Dec 172017
Database to keep track of magazine articles (up to 10,000 per database) with sophisticated search and structure functions.
File MAGBASE.ZIP from The Programmer’s Corner in
Category Databases and related files
Database to keep track of magazine articles (up to 10,000 per database) with sophisticated search and structure functions.
File Name File Size Zip Size Zip Type
MAGBASE.DAT 1360 465 deflated
MAGBASE.DOC 22695 6293 deflated
MAGBASE.EXE 54069 32370 deflated
RADCAT.TXT 12992 3455 deflated

Download File MAGBASE.ZIP Here

Contents of the MAGBASE.DOC file


Version 1.0

(c) September, 1989


Rad Delaroderie
PO Box 1991
Columbus, Ga.

written in

Turbo Basic


Program Requirements:

128K RAM
DOS 2.0 or later
IBM or compatible



My programming philosophy is that a program shows its first sign of
failure the moment you have to pick up a user's manual to see what to
do next. With this in mind, let me make a few points, and then you
should never have to read this file again. If you do, leave me a
scathing message.

I can be contacted at the PO Box listed above, or at

Columbus Connection BBS
Rad Delaroderie


Packing List:

This package, whether ZIPped or ARCed, should contain at least the
following files:

MagBase.Exe (The executable program file)
MagBase.Doc (This documentation file that you're reading now)
RadCat.Txt (A catalog of other available RAD Software programs)


Program Description:

MagBase.Exe is a database program that allows you to keep track of
articles and information found in various magazines and other
publications. The program will associatively index related information
from a wide range of sources. This program will also let you pull out
information in a wide variety of interesting ways that let you quickly
conveniently compile a reference list of user-defined related
information possible only by the processing ability of computers when
properly programmed.

Despite the complex abilities of MagBase, the program is fairly self-
explanatory. However, you do need to be aware of the following

MagBase can hold up to 10,000 items on file. However, if you
use a 360k floppy disk system, you will run out of disk space
after about 750 item entries. If you use 720k disks, you're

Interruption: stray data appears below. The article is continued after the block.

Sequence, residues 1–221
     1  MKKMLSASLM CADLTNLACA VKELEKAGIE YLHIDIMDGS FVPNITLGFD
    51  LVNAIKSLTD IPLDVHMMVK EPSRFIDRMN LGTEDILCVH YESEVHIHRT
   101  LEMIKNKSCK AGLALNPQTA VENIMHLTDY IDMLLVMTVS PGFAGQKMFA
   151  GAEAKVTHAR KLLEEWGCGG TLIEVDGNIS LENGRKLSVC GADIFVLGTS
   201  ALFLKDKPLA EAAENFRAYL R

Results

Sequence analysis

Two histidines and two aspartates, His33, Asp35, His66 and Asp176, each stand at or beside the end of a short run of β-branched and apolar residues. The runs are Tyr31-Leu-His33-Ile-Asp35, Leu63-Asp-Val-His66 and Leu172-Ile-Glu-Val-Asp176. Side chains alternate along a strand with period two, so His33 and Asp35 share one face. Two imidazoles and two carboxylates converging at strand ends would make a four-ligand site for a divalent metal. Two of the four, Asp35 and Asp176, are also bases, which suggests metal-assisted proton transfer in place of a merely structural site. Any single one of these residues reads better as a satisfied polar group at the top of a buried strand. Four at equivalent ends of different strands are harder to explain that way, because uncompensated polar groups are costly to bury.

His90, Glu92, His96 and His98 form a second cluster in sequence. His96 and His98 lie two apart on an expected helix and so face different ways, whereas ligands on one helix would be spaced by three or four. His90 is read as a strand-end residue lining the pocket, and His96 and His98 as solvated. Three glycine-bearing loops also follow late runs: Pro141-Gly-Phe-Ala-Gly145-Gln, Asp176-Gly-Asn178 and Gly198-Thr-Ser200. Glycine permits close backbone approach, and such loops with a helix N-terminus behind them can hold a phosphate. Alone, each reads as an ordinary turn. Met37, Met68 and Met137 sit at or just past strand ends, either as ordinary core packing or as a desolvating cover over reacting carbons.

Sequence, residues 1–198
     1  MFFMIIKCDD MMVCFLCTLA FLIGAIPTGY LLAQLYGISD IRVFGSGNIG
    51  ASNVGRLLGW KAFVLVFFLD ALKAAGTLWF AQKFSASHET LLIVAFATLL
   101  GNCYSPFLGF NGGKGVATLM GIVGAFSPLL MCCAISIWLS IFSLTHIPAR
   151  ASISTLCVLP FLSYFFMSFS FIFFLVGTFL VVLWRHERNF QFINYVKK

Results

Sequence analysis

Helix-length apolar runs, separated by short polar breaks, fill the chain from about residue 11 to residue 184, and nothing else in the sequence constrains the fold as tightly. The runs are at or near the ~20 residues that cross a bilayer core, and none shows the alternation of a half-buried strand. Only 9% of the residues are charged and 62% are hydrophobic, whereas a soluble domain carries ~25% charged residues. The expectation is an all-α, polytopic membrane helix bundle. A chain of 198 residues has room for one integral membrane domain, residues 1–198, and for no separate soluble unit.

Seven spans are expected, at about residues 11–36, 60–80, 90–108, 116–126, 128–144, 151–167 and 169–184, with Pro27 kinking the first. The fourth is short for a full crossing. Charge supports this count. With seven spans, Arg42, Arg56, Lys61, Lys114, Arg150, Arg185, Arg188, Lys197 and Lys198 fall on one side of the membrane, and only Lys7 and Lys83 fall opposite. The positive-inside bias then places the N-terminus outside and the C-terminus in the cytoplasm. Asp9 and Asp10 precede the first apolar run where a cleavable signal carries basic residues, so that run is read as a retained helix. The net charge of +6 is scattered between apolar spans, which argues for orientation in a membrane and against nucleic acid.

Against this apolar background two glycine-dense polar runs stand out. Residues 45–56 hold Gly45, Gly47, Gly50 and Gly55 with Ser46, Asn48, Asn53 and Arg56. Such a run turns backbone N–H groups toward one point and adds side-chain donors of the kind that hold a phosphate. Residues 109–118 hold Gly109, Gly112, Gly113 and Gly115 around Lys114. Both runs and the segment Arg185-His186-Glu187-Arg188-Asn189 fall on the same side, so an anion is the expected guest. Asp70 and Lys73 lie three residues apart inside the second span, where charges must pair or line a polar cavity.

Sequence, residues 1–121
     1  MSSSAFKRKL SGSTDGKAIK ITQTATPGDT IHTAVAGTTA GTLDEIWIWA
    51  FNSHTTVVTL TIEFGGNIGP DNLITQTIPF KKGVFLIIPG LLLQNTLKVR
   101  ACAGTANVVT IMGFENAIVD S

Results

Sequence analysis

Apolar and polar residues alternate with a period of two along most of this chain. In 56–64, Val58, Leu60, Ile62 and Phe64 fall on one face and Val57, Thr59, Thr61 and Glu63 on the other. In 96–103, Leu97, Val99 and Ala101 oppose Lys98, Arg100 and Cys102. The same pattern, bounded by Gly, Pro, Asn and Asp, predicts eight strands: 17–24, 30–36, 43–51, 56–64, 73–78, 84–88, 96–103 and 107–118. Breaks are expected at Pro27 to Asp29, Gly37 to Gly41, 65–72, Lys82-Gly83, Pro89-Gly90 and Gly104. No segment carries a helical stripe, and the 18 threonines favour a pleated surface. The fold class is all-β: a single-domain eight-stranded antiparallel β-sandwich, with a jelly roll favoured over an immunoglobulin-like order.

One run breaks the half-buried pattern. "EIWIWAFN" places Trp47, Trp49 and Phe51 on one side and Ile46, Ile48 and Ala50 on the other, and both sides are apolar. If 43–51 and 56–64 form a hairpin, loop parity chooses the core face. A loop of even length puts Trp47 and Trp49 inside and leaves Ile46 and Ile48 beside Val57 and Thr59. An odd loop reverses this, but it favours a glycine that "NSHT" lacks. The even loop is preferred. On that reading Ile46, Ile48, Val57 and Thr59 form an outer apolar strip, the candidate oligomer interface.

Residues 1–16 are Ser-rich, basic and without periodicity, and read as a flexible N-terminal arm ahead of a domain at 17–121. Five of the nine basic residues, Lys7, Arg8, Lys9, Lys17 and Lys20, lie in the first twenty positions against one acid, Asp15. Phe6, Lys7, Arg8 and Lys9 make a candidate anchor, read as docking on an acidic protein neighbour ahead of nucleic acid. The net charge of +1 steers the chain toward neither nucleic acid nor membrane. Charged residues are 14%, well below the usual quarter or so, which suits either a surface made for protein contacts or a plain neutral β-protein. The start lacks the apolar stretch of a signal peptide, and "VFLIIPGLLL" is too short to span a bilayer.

limited to about 1,500 item entries. If you use 1.4m disks,
you're limited to about 3,000 entries.


To Install & Run:

The following instructions assume that you know next to nothing about
DOS or installing and running programs. I always try to remember that
new computer users are many, and I wish to make things as easy and
clear as possible for these new users.

Floppy disk based users-

Insert a blank floppy disk into Drive A. At the DOS prompt, type
the following:

a: (Enter)
format a: /v/s (Enter)

When the system finishes formatting the disk, it will ask for a
Volume Label. Type

MagBase (Enter)

Now remove this newly formatted disk from Drive A and insert the
disk containing the MagBase program files into Drive A. Type the

Copy a:\MagBase.* b: (Enter)

Follow the instructions as they appear on the screen. New users
should note that, on a single floppy disk system, your computer
considers your single drive to be both Drive A and Drive B. When
you are finished, you now have a usable MagBase program disk.
Label the disk and make a copy for safekeeping. To run the
program, insert the MagBase program disk into Drive A. If the
computer is off, turn it on. Type the following:

a: (Enter)
MagBase (Enter)

The program will now run.

Hard Disk System-

At the DOS prompt, type the following:

c: (Enter)
cd\ (Enter)
md \magbase (Enter)
cd \magbase (Enter)

If the original MagBase files are on a floppy disk, insert that
disk into Drive A and type the following:

copy a:\MagBase.* c:\MagBase (Enter)

If the original MagBase files are already somewhere on your hard
disk, I'll assume that, if you knew enough to get them on your
hard disk already, you know enough to copy them to the MagBase

To start the program, type the following:

c: (Enter)
cd \MagBase (Enter)

MagBase.Exe creates a data file, called MagBase.Dat, when you start
entering your items. Database-type programs are by their very nature
"file read/write" intensive. For that reason, performance is slowest
on a floppy disk, very fast on a hard disk, and lightning on a RAM

If a small sample MagBase.Dat file is included in this package, you
may immediately get some idea of MagBase's features without having to
enter your own items right away. When you are ready to establish your
own personal MagBase.Dat file, you simply erase the sample file by
typing the following:

del MagBase.Dat (Enter)

at the DOS prompt while in the MagBase sub-directory, then start from
scratch with your own data file.


Using the program:

MagBase starts with a title page containing author and copyright